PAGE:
Degree of dismemberment of the relief - Geology. Deposits...

Degree of terrain division

Geomorphological conditions are the most important natural factor influencing the choice of effective methods of prospecting. The genetic classification of the relief is based on its division into erosion-tectonic and accumulative [17]. The first is formed with a general rise in the areas of the earth's crust and their denudation, the second - due to accumulation of precipitation against the background of a general lowering of the earth's surface as a result of its denudation and subsidence. The erosion-tectonic relief is represented by mountain and structural types. Among the mountainous terrain there are alpine, highlands, middle and low mountain subtypes.

The high-mountainous relief is characterized by considerable heights (up to 4000-7000 m) and sharp dismemberment (exceeding ridges above valleys to 2000-3000 m), which predetermines intensive physical weathering and good exposure of bedrock. Physical weathering outstrips the processes of chemical decomposition of ores, so the oxidation zone is practically absent, but the halos and the fluxes of mechanical scattering of ore matter are widely developed. The presence of deeply washed structures under conditions of a well-developed hydrosystem facilitates the formation of hydrogeochemical dispersion haloes. Effective methods of prospecting in high-altitude conditions is geological survey using aerospace photographs, clastic-river, clastic-glacial, schline, hydrochemical and sediment surveys. In connection with the difficulties of work (poor patency, lack of transport routes), the main method of prospecting in such areas is geological survey.

Highlands - Highly elevated and relatively poorly dissected mountain ranges located in the interior of mountain structures. Absolute marks from 700-1000 to 4000 m with a depth of dismemberment from 200-300 to 500-700 m. The relief is usually wavy, flattened or flat with rounded loaches and flat watersheds, covered with stone placers or marshy, and wide valleys made with alluvium. Large areas of uplands are covered with forests, marshes and stone placers, which makes it difficult to find. In such conditions, geochemical search methods are most effective in combination with aerogeological and aerogeophysical studies.

Middle-mountain relief is characterized by absolute elevations of up to 3000-3500 m with a depth of dismemberment from 500-1000 m and more. The degree of nakedness of the areas is different, but always worse than in high-mountain conditions. The northern slopes are covered with vegetation more than the southern ones. The processes of chemical decomposition of ores are intense, so the oxidation zone sometimes reaches a considerable depth. Mechanical, lithochemical and hydrochemical haloes and scattering flows are widely manifested. In these conditions, practically all search methods are applicable. At the same time, latitudinal climatic zoning must be taken into account. Geological survey (and searches) should be accompanied by the implementation of significant amounts of mine workings.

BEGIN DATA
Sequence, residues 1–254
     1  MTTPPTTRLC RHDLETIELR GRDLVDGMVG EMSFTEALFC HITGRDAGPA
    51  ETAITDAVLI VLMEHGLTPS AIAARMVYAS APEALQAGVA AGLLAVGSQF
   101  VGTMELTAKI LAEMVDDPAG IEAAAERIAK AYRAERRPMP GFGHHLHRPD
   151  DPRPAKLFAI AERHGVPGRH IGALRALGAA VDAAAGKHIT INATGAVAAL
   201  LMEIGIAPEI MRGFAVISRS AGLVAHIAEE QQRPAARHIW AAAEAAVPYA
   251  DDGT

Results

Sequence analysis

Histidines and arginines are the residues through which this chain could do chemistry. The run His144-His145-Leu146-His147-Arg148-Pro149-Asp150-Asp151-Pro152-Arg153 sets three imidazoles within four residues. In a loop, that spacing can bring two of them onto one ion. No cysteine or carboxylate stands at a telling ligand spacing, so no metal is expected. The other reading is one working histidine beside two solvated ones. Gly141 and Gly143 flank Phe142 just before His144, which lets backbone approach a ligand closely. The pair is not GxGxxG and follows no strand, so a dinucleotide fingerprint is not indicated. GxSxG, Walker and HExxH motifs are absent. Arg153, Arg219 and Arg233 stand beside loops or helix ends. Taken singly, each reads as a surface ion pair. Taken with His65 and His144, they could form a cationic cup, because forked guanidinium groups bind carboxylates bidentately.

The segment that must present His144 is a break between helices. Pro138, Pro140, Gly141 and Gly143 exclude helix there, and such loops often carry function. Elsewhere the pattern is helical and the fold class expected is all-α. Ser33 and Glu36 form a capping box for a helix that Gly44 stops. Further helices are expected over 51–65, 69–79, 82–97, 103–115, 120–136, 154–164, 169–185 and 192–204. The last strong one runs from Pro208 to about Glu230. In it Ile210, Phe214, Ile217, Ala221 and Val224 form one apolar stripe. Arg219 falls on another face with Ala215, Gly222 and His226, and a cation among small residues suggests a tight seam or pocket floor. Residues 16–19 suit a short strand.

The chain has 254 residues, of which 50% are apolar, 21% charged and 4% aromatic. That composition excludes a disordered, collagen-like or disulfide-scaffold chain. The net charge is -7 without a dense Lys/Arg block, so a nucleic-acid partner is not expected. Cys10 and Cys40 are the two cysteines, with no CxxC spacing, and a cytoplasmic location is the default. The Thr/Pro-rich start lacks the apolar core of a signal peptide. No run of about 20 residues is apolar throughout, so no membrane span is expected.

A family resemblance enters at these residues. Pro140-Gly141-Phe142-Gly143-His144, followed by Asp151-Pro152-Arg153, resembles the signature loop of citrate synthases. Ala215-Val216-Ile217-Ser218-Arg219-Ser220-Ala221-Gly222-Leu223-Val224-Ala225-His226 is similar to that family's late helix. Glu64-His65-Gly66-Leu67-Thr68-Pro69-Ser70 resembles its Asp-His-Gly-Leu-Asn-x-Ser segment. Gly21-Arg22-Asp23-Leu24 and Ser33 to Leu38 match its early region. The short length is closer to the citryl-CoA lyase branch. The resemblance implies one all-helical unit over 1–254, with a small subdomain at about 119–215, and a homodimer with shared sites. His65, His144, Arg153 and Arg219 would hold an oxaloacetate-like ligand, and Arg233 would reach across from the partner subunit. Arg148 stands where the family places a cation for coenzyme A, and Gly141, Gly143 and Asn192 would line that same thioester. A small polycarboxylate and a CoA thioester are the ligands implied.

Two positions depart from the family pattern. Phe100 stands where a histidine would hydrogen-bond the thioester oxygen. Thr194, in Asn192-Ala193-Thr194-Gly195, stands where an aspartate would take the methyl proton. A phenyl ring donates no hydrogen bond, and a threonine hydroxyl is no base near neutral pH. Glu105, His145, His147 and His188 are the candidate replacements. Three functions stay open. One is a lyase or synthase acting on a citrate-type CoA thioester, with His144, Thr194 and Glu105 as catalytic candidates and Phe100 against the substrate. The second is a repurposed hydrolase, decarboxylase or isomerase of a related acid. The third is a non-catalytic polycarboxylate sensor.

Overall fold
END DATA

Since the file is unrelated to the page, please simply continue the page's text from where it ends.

The low-mountainous relief (small hill) is characterized by absolute elevations from 100-200 to 1000 m with relative elevations of 100-300 m. Slopes, peaks and watersheds are shallow, covered with eluvial-deluvial sediments, soil layer and often vegetation. A significant role in the selection of search methods is played by climatic conditions. In low-mountain conditions, the search for geological survey methods is less effective than in high- and mid-mountain regions. Particularly unfavorable for the search are wide valleys and intermontane depressions. Due to poor nudity, large volumes of mining and drilling operations are required here. The effectiveness of prospecting in such areas is enhanced by the widespread use of clastic-river, schlich and, especially, geochemical (all types) and geophysical methods. Aerospace methods can be of great help.

Sculptural relief is expressed on the plateaus and plateaus, opened by river valleys. The subdivision is relatively weak, the depth of the relief subdivision does not exceed 200-350 m. The indigenous rocks usually have a subhorizontal bedding and are only opened on stepwise river valleys. The vast watershed areas are covered with ladders or powerful loose deposits. All this makes it difficult to conduct search operations. The main attention in such areas is given to river valleys and their slopes, where geological survey in combination with clastic-river and schlich methods of searches is most effective. Watershed spaces are studied mainly by deciphering aerial photographs, altitude and space images, as well as aerogeophysical methods.

The accumulative relief is characteristic for the lowered parts of the earth's surface (lowland plains, foothill plains and mezhgornyts hollows). The most typical extensive alluvial plains with absolute marks up to 200 m. The indigenous rocks in them are covered by a powerful cover of alluvium, lake and other deposits. There are glacial, eolian and marine accumulative relief. The areas of development of the accumulative relief forms are devoid of natural outcrops and extremely unfavorable for the search for endogenous deposits. Geological survey and searches in these conditions are carried out in combination with geophysical methods and are accompanied by large volumes of mining drilling operations. In the conditions of glacial relief, it is possible to use boulder-glacial and geochemical methods.

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